Tanzania passed sweeping new laws for its extractives sector in 2017 with the objective of getting a larger share of the benefits from its mineral and gas deposits. Among other significant changes, these laws increased taxation of the mining sector.
Across the world, journalists have been key to uncovering malfeasance in the natural resources sector. Media have exposed illicit activities by international oil companies like Royal Dutch Shell in Nigeria. They have shed light on Cameroon petroleum contracts that bring few benefits to locals and to national accounts.
Unlike in the resource-rich country in the film Black Panther, much of Africa’s mining sector is currently dominated by foreign direct investment; its raw minerals are often exported with limited local participation in the sector and tax revenues are eroded.
NRGI set out to collect total oil, gas and mining revenue data for the countries included in the Resource Governance Index to find out how many dollars flow to governments that mismanage the handling of their natural resources.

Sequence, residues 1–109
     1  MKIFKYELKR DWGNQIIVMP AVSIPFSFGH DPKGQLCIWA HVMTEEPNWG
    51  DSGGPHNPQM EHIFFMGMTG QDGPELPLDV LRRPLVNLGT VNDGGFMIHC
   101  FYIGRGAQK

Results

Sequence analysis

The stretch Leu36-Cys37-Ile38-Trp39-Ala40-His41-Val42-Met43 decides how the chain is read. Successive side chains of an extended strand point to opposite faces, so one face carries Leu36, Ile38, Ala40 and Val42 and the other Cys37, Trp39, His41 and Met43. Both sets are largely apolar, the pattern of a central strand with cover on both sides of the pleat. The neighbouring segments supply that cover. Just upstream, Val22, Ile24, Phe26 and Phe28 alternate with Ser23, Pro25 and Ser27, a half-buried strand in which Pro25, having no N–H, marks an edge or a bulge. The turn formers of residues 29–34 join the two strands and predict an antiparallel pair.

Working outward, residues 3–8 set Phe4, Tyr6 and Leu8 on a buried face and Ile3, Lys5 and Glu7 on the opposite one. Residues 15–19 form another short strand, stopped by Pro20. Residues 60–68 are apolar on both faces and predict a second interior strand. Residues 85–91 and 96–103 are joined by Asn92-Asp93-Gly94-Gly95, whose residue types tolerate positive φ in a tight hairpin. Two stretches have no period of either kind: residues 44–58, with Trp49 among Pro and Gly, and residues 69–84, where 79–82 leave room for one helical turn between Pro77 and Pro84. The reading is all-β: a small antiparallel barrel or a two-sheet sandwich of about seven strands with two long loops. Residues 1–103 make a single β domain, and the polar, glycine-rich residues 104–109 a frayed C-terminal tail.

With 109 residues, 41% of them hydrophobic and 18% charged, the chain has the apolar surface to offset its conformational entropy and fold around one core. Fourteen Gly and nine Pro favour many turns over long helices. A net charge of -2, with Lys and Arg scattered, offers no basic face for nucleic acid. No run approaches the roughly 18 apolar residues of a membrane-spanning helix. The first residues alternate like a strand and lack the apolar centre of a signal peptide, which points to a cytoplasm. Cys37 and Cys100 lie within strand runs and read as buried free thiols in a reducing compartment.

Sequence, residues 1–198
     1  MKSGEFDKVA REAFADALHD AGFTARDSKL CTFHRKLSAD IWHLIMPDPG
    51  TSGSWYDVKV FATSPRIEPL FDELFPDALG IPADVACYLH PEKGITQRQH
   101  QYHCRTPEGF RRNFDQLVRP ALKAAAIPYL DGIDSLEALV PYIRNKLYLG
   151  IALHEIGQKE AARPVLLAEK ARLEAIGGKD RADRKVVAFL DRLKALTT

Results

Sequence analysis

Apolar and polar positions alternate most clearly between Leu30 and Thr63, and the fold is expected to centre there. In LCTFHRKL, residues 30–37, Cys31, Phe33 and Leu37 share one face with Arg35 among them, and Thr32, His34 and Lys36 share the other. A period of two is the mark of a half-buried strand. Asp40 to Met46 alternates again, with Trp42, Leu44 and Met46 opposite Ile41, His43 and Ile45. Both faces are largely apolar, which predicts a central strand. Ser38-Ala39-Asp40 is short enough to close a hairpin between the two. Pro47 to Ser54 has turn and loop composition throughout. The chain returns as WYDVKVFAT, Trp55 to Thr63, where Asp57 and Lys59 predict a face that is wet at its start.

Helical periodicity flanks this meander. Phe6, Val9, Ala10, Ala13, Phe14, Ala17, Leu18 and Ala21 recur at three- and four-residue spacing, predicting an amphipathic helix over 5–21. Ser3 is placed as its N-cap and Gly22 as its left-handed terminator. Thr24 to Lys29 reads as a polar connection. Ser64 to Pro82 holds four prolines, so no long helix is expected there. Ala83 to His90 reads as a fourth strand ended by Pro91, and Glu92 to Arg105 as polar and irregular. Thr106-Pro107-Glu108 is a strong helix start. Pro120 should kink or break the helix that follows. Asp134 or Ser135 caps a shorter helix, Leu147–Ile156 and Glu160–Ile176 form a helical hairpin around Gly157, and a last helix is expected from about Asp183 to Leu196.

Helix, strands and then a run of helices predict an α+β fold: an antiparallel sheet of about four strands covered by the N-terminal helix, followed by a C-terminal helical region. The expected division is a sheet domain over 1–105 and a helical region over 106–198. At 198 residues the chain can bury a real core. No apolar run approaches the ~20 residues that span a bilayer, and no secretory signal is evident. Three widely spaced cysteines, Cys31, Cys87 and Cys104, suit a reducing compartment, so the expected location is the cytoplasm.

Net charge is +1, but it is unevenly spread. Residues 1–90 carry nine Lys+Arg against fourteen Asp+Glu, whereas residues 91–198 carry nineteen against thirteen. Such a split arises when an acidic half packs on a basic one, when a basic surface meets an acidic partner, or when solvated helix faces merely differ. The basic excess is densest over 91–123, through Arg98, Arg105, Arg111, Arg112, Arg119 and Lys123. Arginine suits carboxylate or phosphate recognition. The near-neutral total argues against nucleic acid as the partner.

NRGI is publishing case studies on South Africa, Tanzania and Zambia that describe alternative legal and institutional mechanisms that these countries have put in place to control the price of mineral exports, operational and capital expenditures, and the cost of debt.
While there are potential benefits to increased value addition in Tanzania’s minerals sector, the current policy may or may not achieve the intended impact. There are a number of factors that government officials should consider as they plan implementation of this policy.
With the Open Government Partnership Global Summit coming up 7-9 December in Paris, government reformers and civil society campaigners working on the extractives and land sectors will be pleased to see that contract transparency and environmental disclosure will likely feature in the summit outcome document.